The Edible Garden Show

Eric Robson chairs GQT from The Edible Garden Show in Warwickshire - with Bob Flowerdew, Christine Walkden and James Wong taking the audience's questions.

Produced by Howard Shannon.
A Somethin' Else production for BBC Radio 4.

This week's questions:

Q: I have recently acquired items from an old fridge freezer, including three glass shelves. How can I put them to use in the garden?
A: Try them as temporary wind breaks to shield tender plants. Alternatively, recycle them at your local tip in a swap for free compost. Freezer glass tends to be fairly strong, but do take care.

Q: What trees would you propose we plant to screen the new railway line being built at the bottom of our heavy clay garden?
A: Try fruit and flower trees such as Crataegus Prunifolia, a native tree which has beautiful Autumn colour and good fruit. Malus 'Flowering Crab' and Sorbuses - the Mountain Ashes - would also work and come in a spectacular range of sizes and with good leaf colours, flowers and fruits that will feed the wildlife. Although not a tree, Bamboo Phyllostachys would make a great screen and will also absorb sound. Use a high nitrogen fertiliser on your clay soil and it should grow pretty quickly.

Q: I have a horseradish root growing very close to my rhubarb and last year the rhubarb died very quickly. Are the two things related?
A: Some plants are antithetical to others but in this case it sounds unlikely - the rhubarb probably just had a bad case of crown rot. Horseradish is very difficult to move or get rid of so it would probably be a better idea to plant your rhubarb elsewhere anyway. Try a virus-free variety such as Victoria.

Q: I planted broad beans, peas and asparagus in October and received poor results. Should I have left it to spring?
A: In a normal year, planting in October would be fine but the constant wet and cold weather over the past year has been problematic. That said, have patience with your asparagus as it can sometimes take nearly 20 weeks before you see the first shoots appear.

Q: I'm keen to grow the 'super-fruit' pomegranates, what varieties would work in the UK?
A: Pomegranates are very difficult to grow as they need long hot summers - so forget about a serious crop. You could try growing the dwarf variety in your greenhouse, which incidentally has magnificent flowers. On the subject of 'super fruit', you might be surprised to hear pomegranates only contain about as many anti-oxidants as red lettuces or red apples - so you could grow those instead.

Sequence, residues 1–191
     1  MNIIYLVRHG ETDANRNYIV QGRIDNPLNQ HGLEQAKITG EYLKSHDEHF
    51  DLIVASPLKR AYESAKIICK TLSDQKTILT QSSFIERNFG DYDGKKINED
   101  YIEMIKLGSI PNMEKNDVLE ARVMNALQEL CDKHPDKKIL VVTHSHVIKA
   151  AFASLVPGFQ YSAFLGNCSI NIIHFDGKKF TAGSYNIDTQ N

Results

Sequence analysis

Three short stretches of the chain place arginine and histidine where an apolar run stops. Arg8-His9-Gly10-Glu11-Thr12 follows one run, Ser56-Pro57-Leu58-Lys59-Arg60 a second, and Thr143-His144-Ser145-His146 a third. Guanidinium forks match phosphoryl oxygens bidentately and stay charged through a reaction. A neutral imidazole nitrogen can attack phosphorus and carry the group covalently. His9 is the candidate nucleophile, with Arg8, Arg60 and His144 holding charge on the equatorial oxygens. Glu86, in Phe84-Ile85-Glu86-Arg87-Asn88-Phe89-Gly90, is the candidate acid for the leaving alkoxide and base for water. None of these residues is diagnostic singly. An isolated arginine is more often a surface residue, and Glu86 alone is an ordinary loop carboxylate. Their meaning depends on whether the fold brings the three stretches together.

Q: What are the best 'value for time' crops that I could plant at my allotment?
Q: Build a fruit cage and plant soft fruits - once everything's in the ground you'll have nothing to do for six months until it's time for harvest. Grow things such as quinces, chillis and guavas, or try white strawberries that are 'invisible' to birds as they tend to only hone in on the red colours. Rapid growing vegetables such as salad leaves, spring onions and radishes are always good.

A: I'd like to grow my own Loganberries. What variety and conditions would you suggest?
Q: Consider the Tayberry - a hybrid developed in Scotland, which is bigger, juicier and easier to grow. The Black Raspberry Glenn Coe would be another good alternative - it's a new breed from the UK that fruits twice a year with a very high sugar content.

Q: I have some Cordon Apple trees which have rooted from above the rootstock union. To stop them getting too over-vigorous can I simply cut the roots that have grown above?
A: Providing that they haven't taken over from the original root-stock - yes. Check by getting a hold of the bottom of the tree and give it a yank at ground level. If it's firm you should be fine.

Q: We planted the top of a pineapple in our front garden and it's now a very attractive plant about 3 foot tall. It has survived frost and snow - will it survive being moved?
A: We're amazed to hear it has survived being outside. Pot it up in a gritty, well-draining compost and bring it into cover. Expose it to smoke to bring it into flower and six months later it should fruit.

Q: Do you have any advice for growing a butternut squash?
A: Why not try something you can't find in the shops such as Cucurbita Ficifolia, the 'fig leaf gourd' also known as the 'angel's hair pumpkin' in Spain and 'shark fin melon' in Asia. You can eat the stem tips and the gourd has a mild cucumbery flavour. It's the most cool-tolerant of all Curcubita and will take over your garden.

Q: I bought a Garrya Eliptica that' remained in its pot for two months and now looks black and crinkly. Should I prune it?
A: Don't prune it as it sounds as it sounds like it has experienced considerable death. Leave it in the pot and wait to see if anything shoots.

Release date:

Available now

43 minutes

Last on

Sun 24 Mar 2013 14:00

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